Notice the export declaration in this sample. When this current assembly is running we get this data element automatically added to the catalog. Going back to the sample that included the catalog you can see that we created an instance and added the current application running as our package. Once we have added a package to our catalog we can then create a container that using the container we can then ask MEF to match the elements together to do our 'binding' So how then do we make this a two way street or deal with larger collections?
Making our Properties a 2 way Street
A popular construct in Silverlight and in the XAML world altogether is the ObservableCollection. ObservableCollections allow us to do lots of things but let us focus on the fact that it is a bindable collection of data that we want to be populated by MEF. Now take a look at the following lines that show a declaration and a collection property of come class.
public string Stuff1 = "blah1, blah";
public string Stuff2 = "blah2, blah";
[ImportMany("SomeStuffs", AllowRecomposition = true)]
As you can see this looks mostly like the first property we looked at earlier but here we are creating an observablecollection. The ImportMany declaration above it he collection allows the multiple element collection to come through and by also setting 'AllowRecomposition' the property can then be set over and over again by MEF. From this standpoint point we are ready to really build something separate from our application.
Exporting a Class in a Separate Xap
To create a Xap we can use a standard Silverlight project that we add to our solution. Since we are going to load the xap we can get rid of the classes (x and y). Create a class called z and make it look like this code:
public class SomeClass
public string SomeValue = "foobar3";
In this class you can see we create a class with 4 properties and use export to the same key name. This creates the effect of the values being exported to the MEF catalog as a collection that will get associated with the collection we created in the last section. For this to work we need to make sure that our Xap is referenced in our first app.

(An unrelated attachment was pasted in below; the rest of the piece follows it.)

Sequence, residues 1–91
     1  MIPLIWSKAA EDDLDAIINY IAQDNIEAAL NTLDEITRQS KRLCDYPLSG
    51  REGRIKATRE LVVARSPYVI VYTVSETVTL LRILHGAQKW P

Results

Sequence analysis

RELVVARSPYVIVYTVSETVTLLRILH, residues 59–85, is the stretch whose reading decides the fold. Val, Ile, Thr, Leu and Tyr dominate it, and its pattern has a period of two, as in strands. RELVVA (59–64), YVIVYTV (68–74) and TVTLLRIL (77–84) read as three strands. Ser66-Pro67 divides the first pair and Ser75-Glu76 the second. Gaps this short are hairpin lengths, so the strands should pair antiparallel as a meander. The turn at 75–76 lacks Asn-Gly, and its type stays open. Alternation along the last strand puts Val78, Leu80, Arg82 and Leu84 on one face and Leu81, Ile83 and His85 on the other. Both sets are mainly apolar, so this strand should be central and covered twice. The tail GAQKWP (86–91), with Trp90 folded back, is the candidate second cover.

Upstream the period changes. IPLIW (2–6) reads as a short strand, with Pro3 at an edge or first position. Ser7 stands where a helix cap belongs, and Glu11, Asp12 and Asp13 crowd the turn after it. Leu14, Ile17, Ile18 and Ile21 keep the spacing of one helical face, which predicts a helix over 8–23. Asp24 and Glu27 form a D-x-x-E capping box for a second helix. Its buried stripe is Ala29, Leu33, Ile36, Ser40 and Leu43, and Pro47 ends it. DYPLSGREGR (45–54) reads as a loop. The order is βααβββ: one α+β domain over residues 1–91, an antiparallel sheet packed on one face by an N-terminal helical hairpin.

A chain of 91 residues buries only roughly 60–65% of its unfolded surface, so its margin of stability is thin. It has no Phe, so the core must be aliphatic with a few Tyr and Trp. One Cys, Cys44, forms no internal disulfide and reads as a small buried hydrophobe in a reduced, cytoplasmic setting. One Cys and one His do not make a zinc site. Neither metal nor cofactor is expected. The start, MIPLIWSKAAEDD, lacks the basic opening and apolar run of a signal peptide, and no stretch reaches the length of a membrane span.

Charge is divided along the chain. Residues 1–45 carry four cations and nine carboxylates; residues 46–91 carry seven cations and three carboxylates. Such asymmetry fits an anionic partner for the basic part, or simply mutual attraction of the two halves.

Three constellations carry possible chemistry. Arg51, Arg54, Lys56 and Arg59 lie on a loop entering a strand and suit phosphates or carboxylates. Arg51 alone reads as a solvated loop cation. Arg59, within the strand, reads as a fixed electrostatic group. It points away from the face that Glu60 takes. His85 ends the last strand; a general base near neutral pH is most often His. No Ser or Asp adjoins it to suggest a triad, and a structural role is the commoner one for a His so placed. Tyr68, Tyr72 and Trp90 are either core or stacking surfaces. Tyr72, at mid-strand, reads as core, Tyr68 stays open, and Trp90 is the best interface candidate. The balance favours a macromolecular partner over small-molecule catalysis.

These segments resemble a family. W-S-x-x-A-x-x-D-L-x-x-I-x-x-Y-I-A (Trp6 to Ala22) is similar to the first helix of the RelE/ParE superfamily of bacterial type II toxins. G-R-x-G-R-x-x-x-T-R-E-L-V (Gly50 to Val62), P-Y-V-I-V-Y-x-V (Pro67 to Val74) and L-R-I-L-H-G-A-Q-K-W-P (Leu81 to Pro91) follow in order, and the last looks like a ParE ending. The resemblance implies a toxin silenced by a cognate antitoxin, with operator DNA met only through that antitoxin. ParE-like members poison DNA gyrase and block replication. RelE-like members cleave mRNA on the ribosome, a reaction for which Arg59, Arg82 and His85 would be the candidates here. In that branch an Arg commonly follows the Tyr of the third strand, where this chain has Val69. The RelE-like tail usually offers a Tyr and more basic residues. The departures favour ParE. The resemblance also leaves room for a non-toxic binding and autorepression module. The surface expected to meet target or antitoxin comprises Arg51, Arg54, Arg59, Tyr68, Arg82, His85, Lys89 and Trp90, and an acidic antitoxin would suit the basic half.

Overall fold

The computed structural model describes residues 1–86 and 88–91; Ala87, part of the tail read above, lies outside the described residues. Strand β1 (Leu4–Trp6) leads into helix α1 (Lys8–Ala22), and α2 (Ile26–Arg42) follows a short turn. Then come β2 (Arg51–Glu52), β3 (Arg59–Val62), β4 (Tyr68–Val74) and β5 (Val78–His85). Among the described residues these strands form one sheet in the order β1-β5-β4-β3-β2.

Downloading Xap Dynamically
Now that we have our collection and a new xap with a class that exports values we want we can look at importing the Xap and using MEF to wire that up to the data we need. Take a look at the following code:
public string SomeValue;
DeploymentCatalog catalog = new DeploymentCatalog("MEFModel.xap");
// in constructor:
catalog.DownloadCompleted += new EventHandler
void catalog_DownloadCompleted(object sender, System.ComponentModel.AsyncCompletedEventArgs e)
// some code...
This code can be added to the constructor of our application just after the call to AddPackage. You can see that we pass a Relative URI to our other Xap and that we add it to the package when it loads. This can also be an event handler to to the load. In this case we get the content added to the package and it gets wired up based on the name key values that we have set by the ImportMany and Export declarations. Now the cool thing is that we don't need to keep this in the constructor. We can call this same 'DownloadPackageAsync' from any event handler or other block of code that we need. We could use this to load content dynamically pending on certain conditions such as localization.
This is all wonderful but there is one problem with using a separate Xap that has the MEF bits in it. This means that both Xaps have MEF and now ours Xaps are twice blotted from MEF using more memory then needed. Fortunately there is way around this is to set the additional Xaps to use include this in the build. In Visual Studio in the other projects find the Library reference to the MEF and right click and select properties. On the reference property pain there is a property called 'Copy Local' and we need to set this to false. This way only one copy of the MEF bits will be in the overall application saving Xap size by not blotting all the Xaps with the same bits.